Cannabis for sleep disorders

The endocannabinoid system (ECS) controls many bodily functions such as pain perception, memory, and sleep. An analysis by Canadian researchers of 24,189 user data from the cannabis app Strainprint showed significant relief from insomnia. Discomfort decreased by more than half. Indica-dominant cannabis strains, which contain mainly psychotropic tetrahydrocannabinol (THC), were preferred.

Sleep disorders – widespread in the population

An estimated 10 percent of adults suffer from chronic insomnia. Nearly one-third occasionally suffer from sleep disorders. Follow-up studies showed that 70 percent of patients still suffer from symptoms one year later. Half still sleep poorly even three years later.

Complaints of insomnia (sleep disorders):

– Difficulty falling asleep

– Trouble sleeping through the night

– Non-restorative sleep

– Impairment of work performance, quality of life and mental health

Furthermore, sleep disorders rarely occur alone, but are often accompanying symptoms of other mental and physical illnesses. The sleepless nights further increase the level of suffering.

Evaluation of around 25 thousand records from a cannabis app

The Canadian research team evaluated 24,189 treatment sessions. The sample includes three years of data recorded between February 2017 and February 2020 from 991 users with insomnia under real-world conditions. Before and after cannabis use, app users rated the severity of their insomnia from 0 to 10, with higher digits indicating worse sleep. On average, the 991 participants rated insomnia as 7.35 on the scale. In addition, affected individuals documented cannabis use data such as cannabis type, application method, and cannabinoid content.

Improved sleep with cannabinoids

Cannabis was able to significantly improve the poor sleep quality score of 7.35 across all age groups: Sleep disturbance decreased by over half to 3.2 after cannabis application. What time of day to use for restful sleep could not be ascertained, as Strainprint did not specify any shift work.

In 2004, a study with young adults showed that tetrahydrocannabinol (THC) does not influence the sleep architecture, i.e. the physiological sequence of sleep phases. This changes when combined with non-psychotropic cannabidiol (CBD). With THC/CBD-balanced cannabis medication, the researchers observed a decrease in deep sleep, and at higher doses, wakefulness phases also increased. Despite these results, the participants felt sleepier under cannabis. The researchers concluded that CBD influences wakefulness in a dose-dependent manner. The activating and sedating effects of THC and CBD can potentially promote sleepiness without causing daytime sleepiness.

Indica-dominant cannabis strains preferred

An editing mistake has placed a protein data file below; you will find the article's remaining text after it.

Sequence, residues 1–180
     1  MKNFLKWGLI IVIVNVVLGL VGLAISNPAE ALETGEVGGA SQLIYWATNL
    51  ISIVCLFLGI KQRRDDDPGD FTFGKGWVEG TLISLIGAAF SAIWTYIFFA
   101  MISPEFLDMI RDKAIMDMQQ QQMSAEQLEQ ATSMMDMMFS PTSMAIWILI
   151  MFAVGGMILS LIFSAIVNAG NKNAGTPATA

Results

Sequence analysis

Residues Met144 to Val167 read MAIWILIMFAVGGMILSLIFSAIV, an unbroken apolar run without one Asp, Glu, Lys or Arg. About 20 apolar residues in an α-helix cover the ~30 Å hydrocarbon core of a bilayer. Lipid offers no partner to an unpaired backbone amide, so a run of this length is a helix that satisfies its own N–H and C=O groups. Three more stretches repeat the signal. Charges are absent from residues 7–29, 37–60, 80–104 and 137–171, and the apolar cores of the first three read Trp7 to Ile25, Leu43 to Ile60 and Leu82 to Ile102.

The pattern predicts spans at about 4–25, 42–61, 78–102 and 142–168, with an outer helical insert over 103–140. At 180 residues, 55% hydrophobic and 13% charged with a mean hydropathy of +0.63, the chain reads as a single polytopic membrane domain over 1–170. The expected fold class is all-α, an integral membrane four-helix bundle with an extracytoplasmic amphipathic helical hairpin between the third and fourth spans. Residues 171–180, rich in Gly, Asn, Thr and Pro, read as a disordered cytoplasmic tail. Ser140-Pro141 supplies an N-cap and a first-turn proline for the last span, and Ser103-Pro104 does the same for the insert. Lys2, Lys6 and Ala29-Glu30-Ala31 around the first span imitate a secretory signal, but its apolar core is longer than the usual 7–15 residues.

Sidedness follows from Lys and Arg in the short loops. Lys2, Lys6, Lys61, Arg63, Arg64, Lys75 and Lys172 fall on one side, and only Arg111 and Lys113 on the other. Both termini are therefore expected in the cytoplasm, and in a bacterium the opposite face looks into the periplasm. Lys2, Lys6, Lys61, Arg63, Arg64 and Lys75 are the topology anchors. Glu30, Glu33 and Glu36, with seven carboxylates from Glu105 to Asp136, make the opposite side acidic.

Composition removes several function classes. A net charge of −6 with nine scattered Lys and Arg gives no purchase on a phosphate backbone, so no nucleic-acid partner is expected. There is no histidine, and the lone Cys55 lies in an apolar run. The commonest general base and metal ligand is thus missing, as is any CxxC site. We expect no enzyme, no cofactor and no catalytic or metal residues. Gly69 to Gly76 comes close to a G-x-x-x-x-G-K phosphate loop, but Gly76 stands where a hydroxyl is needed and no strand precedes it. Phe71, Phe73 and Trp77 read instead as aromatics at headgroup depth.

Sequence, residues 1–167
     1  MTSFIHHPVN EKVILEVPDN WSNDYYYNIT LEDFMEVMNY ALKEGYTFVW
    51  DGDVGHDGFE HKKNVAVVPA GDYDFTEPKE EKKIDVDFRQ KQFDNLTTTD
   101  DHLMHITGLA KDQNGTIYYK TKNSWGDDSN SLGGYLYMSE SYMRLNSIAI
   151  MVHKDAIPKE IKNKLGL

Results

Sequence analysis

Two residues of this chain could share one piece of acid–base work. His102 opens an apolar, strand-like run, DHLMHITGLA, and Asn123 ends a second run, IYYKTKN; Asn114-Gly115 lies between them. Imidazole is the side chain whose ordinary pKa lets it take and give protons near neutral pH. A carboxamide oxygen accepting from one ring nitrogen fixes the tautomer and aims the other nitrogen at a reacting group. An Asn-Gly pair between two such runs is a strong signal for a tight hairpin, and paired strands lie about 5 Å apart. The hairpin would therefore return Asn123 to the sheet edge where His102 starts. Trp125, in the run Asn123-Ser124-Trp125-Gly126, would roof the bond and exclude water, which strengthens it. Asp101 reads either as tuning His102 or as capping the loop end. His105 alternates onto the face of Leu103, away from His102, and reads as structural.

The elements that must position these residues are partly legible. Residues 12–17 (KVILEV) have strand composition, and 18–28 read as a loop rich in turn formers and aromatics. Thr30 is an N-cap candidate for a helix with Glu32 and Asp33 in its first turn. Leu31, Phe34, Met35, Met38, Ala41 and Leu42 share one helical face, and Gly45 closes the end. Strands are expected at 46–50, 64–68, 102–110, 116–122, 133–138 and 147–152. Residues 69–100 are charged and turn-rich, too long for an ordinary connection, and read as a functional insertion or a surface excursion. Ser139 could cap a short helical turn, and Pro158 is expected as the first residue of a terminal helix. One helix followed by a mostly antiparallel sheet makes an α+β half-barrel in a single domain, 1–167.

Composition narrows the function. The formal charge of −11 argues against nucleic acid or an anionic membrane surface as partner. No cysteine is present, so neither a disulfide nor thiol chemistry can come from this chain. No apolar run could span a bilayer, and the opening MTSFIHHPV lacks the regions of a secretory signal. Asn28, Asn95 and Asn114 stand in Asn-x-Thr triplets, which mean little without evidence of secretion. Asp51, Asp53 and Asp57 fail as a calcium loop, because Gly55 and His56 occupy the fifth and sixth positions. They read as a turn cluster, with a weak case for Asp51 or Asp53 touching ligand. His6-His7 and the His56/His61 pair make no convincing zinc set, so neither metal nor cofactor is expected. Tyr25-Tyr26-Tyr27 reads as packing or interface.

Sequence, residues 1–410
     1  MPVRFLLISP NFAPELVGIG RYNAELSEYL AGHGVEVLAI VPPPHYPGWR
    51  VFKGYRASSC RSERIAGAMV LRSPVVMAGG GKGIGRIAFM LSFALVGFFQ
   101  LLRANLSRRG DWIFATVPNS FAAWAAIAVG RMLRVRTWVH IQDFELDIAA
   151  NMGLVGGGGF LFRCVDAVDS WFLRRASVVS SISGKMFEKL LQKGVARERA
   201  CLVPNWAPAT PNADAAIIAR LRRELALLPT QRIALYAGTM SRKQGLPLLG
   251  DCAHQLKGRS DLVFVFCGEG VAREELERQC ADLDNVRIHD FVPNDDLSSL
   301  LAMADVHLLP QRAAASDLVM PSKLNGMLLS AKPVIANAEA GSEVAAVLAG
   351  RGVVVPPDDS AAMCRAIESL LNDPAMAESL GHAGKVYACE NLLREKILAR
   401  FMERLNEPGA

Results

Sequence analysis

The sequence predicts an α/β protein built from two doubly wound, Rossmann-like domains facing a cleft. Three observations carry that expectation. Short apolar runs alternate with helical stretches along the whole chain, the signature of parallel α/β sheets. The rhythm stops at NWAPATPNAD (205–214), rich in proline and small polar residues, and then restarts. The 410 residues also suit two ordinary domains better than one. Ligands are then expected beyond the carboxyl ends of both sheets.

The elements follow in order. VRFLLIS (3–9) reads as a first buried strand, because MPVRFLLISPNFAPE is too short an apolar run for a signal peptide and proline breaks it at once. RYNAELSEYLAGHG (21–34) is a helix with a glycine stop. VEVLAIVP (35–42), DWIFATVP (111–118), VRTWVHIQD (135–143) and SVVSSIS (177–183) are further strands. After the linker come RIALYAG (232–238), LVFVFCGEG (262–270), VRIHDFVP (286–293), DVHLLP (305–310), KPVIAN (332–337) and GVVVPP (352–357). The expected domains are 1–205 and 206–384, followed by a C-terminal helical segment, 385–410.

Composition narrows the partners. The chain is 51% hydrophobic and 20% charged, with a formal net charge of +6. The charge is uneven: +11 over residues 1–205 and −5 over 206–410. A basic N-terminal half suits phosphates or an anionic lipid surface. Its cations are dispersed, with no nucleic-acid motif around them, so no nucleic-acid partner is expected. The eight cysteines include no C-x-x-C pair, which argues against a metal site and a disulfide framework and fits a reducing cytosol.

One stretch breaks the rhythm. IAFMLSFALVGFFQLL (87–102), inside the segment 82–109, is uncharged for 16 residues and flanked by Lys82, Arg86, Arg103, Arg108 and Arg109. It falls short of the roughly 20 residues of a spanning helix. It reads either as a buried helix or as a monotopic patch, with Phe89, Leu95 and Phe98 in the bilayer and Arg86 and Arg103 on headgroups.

Overall, cannabis strains of all product categories were perceived as sedative. However, certain cannabis strains are preferred: almost two-thirds of the participants used indica-dominant cannabis strains that are considered sedating for sleeping. CBD-rich cannabis products were used by about one in seven of the app users. Only about 7 percent preferred sativa-dominant strains, which are said to have a stimulating effect.

Cannabis categories used:

– Indica (38.3%)

– Indica-dominant hybrid (26.7%)

– CBD-dominant (13.8%)

– Balanced hybrid (12.7%)

– Sativa (4.5%)

– Sativa hybrid (2.5%)

The different effects may be the result of the entourage effect, in which phytocannabinoids and other constituents such as terpenes in cannabis act synergistically. However, this is exactly where a weakness of the study lies, as strain names are not uniformly defined and therefore may have different terpene profiles.

Further studies needed

More detailed research should be conducted on the relationship between chemical composition of the cannabis product and perceived effects. Future studies should incorporate varying terpene and cannabinoid concentrations. These findings may make it possible to accurately classify cannabis strains and thus provide more accurate product information for cannabis patients. Future double-blind studies will further explore the efficacy and safety profile for sleep disorders.


Kuhathasan N, Minuzzi L, MacKillop J, Frey B The Use of Cannabinoids for Insomnia in Daily Life: Naturalistic Study J Med Internet Res 2021;23(10):e25730 URL: DOI: 10.2196/25730

About Minyi Lü

Minyi Lü suffers from chronic pain due to her finger arthritis. She has been treating her complaints very successfully with medicinal cannabis since 2017. As a pharmacist in internship, she now brings her know-how to report on the latest scientific findings around medicinal cannabis.